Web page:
Google recently launched the new Data Safety section on the Play Store. In it, app developers are required to explain what personal data and which permissions they use in order to provide their services. It looks like the company deems the Data Safety section a suitable replacement for the permission list of old. Play Store listings now show a shortcut to an app’s Data Safety section rather than the plain list of all permissions it can ask to get access to.

In screenshots shared by Esper.io’s Mishaal Rahman, we can see a before and after comparison of the Facebook app listing. While Google changed the layout of the additional information section significantly, moving from three columns to two in its latest redesign, it becomes clear after a moment that the permissions section has been replaced with the Data Safety information.

Old vs. new

Much like a privacy policy, the Data Safety section is supposed to include all the ways an app could extract personal data from you, all while listing for which purposes this data is necessary. This also includes permissions, so replacing the permissions list with the Data Safety section isn’t necessarily a bad idea. In fact, it could make things easier to understand for many people, as the listed permissions often don’t have the most intuitive names, which could make you believe that you could actually give out more personal data than you really do.

In theory, the new Data Safety section gives you a much better idea of which data and which permissions an app uses. However, many big developers still haven’t updated their listings to provide these details. Facebook apps, Amazon apps, Twitter, Disney+, Discord, and ironically even the DuckDuckGo Browser haven’t populated their Data Safety sections yet, leaving you with no pre-emptive details about the permissions they require.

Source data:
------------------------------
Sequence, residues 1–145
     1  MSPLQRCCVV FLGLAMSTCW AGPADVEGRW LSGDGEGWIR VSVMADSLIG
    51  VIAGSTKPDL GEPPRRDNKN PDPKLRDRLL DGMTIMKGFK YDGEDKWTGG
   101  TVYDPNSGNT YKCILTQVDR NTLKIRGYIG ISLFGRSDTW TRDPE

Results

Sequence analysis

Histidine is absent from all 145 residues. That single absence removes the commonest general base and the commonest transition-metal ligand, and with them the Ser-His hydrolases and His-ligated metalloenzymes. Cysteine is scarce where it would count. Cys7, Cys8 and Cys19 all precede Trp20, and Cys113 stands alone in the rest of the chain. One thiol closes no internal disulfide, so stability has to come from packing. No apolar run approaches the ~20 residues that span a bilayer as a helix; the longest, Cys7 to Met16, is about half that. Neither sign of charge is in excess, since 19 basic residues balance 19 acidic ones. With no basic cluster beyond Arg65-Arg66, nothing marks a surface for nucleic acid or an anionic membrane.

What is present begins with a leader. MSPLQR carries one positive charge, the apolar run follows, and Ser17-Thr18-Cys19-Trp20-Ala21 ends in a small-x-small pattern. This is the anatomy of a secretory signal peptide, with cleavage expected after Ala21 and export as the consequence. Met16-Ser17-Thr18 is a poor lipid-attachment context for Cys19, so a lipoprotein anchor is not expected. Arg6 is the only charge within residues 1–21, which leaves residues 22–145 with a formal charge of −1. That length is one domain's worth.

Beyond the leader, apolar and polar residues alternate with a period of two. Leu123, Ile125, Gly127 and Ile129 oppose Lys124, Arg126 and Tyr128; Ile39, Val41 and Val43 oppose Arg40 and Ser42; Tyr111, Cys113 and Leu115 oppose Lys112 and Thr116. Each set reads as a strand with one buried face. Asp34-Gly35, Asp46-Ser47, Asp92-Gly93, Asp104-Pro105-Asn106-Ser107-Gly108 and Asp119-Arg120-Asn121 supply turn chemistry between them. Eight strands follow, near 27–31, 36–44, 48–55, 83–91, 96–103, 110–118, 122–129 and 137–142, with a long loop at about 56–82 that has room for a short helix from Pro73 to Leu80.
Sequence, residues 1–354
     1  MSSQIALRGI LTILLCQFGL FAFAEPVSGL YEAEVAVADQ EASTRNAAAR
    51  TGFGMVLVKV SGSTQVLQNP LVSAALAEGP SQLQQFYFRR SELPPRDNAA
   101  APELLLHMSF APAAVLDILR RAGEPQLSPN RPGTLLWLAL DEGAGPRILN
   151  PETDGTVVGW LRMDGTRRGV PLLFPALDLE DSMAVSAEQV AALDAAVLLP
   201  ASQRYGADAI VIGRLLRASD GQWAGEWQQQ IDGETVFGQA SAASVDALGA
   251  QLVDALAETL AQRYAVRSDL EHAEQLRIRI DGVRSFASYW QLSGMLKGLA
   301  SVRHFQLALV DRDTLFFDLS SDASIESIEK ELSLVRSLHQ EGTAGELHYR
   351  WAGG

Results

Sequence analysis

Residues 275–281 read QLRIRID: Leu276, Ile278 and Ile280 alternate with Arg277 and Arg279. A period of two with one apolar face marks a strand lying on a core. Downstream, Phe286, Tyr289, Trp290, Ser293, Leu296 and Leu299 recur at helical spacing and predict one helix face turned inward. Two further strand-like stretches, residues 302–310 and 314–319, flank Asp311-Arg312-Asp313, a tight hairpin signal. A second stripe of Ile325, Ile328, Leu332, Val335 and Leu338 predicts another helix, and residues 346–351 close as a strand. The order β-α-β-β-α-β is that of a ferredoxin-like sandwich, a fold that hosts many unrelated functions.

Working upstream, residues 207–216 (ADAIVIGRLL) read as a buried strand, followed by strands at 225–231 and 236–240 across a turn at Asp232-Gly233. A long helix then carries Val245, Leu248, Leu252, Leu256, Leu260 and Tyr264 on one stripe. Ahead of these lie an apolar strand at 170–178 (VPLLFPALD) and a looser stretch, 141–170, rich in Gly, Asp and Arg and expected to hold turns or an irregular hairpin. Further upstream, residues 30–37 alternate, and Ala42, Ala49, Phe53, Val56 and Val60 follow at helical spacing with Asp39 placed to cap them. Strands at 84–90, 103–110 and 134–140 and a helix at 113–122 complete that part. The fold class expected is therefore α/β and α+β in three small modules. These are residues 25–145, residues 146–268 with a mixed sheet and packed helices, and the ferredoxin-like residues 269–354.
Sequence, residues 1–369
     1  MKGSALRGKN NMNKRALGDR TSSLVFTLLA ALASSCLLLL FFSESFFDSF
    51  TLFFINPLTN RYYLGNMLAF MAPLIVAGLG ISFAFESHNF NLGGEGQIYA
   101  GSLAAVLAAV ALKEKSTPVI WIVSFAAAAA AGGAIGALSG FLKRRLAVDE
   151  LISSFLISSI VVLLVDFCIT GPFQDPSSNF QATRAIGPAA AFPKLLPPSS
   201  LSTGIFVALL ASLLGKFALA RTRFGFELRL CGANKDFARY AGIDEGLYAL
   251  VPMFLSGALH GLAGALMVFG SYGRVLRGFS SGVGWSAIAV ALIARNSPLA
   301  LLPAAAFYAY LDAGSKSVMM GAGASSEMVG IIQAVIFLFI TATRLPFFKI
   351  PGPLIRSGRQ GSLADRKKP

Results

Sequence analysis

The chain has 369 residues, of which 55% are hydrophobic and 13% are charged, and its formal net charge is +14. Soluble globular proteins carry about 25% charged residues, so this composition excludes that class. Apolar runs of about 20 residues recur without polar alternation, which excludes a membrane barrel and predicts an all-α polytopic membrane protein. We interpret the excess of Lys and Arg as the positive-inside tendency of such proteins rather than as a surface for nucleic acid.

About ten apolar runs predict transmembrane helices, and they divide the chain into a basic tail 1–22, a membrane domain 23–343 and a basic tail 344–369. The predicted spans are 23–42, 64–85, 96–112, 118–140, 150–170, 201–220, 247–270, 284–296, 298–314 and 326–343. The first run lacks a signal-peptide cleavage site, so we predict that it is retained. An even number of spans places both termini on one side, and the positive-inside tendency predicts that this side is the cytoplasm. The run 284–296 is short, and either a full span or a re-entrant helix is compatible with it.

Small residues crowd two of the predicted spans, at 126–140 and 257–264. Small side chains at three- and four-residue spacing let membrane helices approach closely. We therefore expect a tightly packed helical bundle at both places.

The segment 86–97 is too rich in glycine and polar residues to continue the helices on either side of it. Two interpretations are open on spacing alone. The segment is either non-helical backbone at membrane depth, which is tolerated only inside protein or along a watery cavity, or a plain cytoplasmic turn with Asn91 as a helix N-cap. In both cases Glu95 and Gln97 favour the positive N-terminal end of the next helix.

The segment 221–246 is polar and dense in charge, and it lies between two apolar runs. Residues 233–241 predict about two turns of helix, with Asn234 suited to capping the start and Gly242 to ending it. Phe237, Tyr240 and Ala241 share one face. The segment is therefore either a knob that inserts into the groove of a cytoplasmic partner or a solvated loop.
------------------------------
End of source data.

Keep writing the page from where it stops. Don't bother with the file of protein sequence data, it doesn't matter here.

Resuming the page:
Some apps also don’t really provide any valuable information at all beyond listing needed permissions. Rahman calls out Telegram, which has just noted that it needs access to location, personal infos, messages, photos and videos, and more to provide “app functionality.”

Even apps that do it the right way may just end up overwhelming you with information. For example, the Google Go app lists so many reasons for why it needs personal data without really explaining any of the broad terms used — just look at the screenshot below.

Parts of the Google Go Data Safety information

Developers only have until July 20, 2022, to provide this information, so the first problem with apps that don't provide details at all might not be an issue for much longer. It’s still weird that Google would push the button and switch things over to the Datas Safety section before this deadline. At this point, the company could have waited a week longer until at least all the big developers were in line with the requirement. Google should have also made sure that the listed details are helpful and not just blanket statements.

If you really want to see the full list of permissions before you install an app, there are still options for you. Mishaal Rahman notes that you can head to the Aurora Store, an open-source Play Store client. In it, the detailed list of permissions an app is asking for is still visible. While Google has stopped publicly showing this data in the Play Store, it looks like it’s still stored in the backend.